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Systematics Section / ASPT

Anderson, Gregory J. [1], Bohs, Lynn [2], Santos-Guerra, Arnoldo [3], Bernardello, Gabriel [4], Opel, Matthew R. [1], Martine, Christopher [1].

The Few and the Odd: the Solanaceae of the Canary Islands and The African Connectionsof the Endemic Solanum vespertilio and S. lidii.

The Canary Islands host a rich flora, as is expected from an ancient near-continent archipelago. The Solanaceae is poorly represented in species numbers, but the four endemic species in three (or two) genera are notable. The endemic Withania is cryptically dioecious. The very rare species of the former genus Normania (= Solanum) bears flowers with slightly zygomorphic corollas, and is dramatically heterandrous. The two uncommon and endemic species of Solanum sensu stricto are highly unusual in their reproductive characters. Both S. lidii and S. vespertilio are andromonoecious. Both are also likely self compatible and highly heterandrous, with short ?reward? anthers and one long "pollination" anther. Both species have strongly zygomorphic corollas.In addition, S. vespertilio corollas are only four parted, and flowers bear only four anthers. Furthermore, a significant percentage of S. vespertilio plants display incipient enantiostyly. Given their islanddistribution andmany distinctive features, the phylogenetic position of these two solanums has been of interest for some time. We confirm here, with new molecular data, the hypothesis that these two unusual solanums are phylogenetically associated with the geographically proximal African Solanum lineages, rather than with the previously suggested Mexican species (sect Nycterium) with analogous zygomorphic corollas and heterandry.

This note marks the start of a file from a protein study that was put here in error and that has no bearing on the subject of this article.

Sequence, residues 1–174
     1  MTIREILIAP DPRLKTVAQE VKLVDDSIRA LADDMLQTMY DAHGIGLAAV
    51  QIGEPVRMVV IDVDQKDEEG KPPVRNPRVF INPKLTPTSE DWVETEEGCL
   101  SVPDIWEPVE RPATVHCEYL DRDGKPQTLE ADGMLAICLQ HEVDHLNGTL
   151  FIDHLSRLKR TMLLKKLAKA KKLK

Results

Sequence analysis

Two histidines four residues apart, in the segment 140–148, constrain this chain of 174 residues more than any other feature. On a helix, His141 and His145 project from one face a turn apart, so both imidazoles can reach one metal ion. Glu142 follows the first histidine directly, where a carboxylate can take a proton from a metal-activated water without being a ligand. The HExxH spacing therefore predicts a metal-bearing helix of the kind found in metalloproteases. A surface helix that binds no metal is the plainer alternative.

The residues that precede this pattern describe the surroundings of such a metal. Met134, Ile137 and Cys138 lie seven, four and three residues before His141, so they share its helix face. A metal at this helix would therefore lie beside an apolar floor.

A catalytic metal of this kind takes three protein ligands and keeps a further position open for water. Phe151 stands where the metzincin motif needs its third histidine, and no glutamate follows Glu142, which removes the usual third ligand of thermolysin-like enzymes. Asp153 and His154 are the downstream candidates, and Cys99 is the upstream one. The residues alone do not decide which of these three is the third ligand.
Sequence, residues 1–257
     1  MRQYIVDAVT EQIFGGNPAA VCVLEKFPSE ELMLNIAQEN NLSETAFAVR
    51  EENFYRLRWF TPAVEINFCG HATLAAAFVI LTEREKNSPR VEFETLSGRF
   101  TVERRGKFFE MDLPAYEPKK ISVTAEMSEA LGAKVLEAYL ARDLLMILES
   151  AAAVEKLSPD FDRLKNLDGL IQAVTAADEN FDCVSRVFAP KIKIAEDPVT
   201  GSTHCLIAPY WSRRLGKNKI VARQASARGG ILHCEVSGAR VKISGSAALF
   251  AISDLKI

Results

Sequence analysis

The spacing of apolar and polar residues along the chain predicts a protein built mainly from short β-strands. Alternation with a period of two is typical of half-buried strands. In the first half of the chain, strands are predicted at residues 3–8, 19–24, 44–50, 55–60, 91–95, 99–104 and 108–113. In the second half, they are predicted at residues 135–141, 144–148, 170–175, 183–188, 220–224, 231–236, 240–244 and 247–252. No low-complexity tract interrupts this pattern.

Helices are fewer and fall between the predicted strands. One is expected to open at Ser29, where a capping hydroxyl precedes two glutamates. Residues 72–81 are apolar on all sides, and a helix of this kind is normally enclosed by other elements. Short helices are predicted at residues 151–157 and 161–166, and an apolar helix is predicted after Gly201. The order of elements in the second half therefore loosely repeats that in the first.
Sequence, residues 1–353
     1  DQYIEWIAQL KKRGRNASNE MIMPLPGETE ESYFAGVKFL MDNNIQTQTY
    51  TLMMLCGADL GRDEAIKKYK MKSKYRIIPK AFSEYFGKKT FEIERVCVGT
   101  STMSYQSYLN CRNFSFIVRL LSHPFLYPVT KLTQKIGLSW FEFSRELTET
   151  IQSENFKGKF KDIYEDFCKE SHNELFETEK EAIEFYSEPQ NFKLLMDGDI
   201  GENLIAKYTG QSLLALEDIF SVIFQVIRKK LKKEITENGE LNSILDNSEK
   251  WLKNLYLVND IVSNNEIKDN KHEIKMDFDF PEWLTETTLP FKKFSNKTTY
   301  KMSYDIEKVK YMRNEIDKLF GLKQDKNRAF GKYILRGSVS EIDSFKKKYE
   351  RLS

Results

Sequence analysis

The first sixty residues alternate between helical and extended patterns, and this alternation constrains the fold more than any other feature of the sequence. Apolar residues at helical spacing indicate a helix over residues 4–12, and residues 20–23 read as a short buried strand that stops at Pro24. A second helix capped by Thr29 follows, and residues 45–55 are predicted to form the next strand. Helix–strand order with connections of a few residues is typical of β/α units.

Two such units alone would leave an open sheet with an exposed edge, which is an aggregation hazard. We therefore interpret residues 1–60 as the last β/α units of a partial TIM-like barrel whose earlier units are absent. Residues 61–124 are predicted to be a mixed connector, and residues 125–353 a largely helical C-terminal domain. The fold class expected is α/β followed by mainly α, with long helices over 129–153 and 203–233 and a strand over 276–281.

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1 - University of Connecticut, Department of Ecology & Evolutionary Biology, 75 North Eagleville Rd. U-3043, Storrs, Connecticut, 06269-3043, USA
2 - University of Utah, Department of Biology, 257 S. 1400 E., Salt Lake City, Utah, 84112, USA
3 - Jardin de Aclimatacion de la Orotava, Calle Retama Numero 2, Puerto de la Cruz, Teneri, Canary Islands, E-38040, Spain
4 - Universidad De Cordoba, Instituto Multidisciplinario De Biologia Vegetal (Imbiv), Museo Botanico, Casilla De Correo 495, Cordoba, 5000, Argentina

island biodiversity
molecular phylogenetics
reproductive biology

Presentation Type: Oral Paper
Session: 48-1
Location: Salon G - Austin Grand Ballroom/Hilton
Date: Wednesday, August 17th, 2005
Time: 1:00 PM
Abstract ID:161

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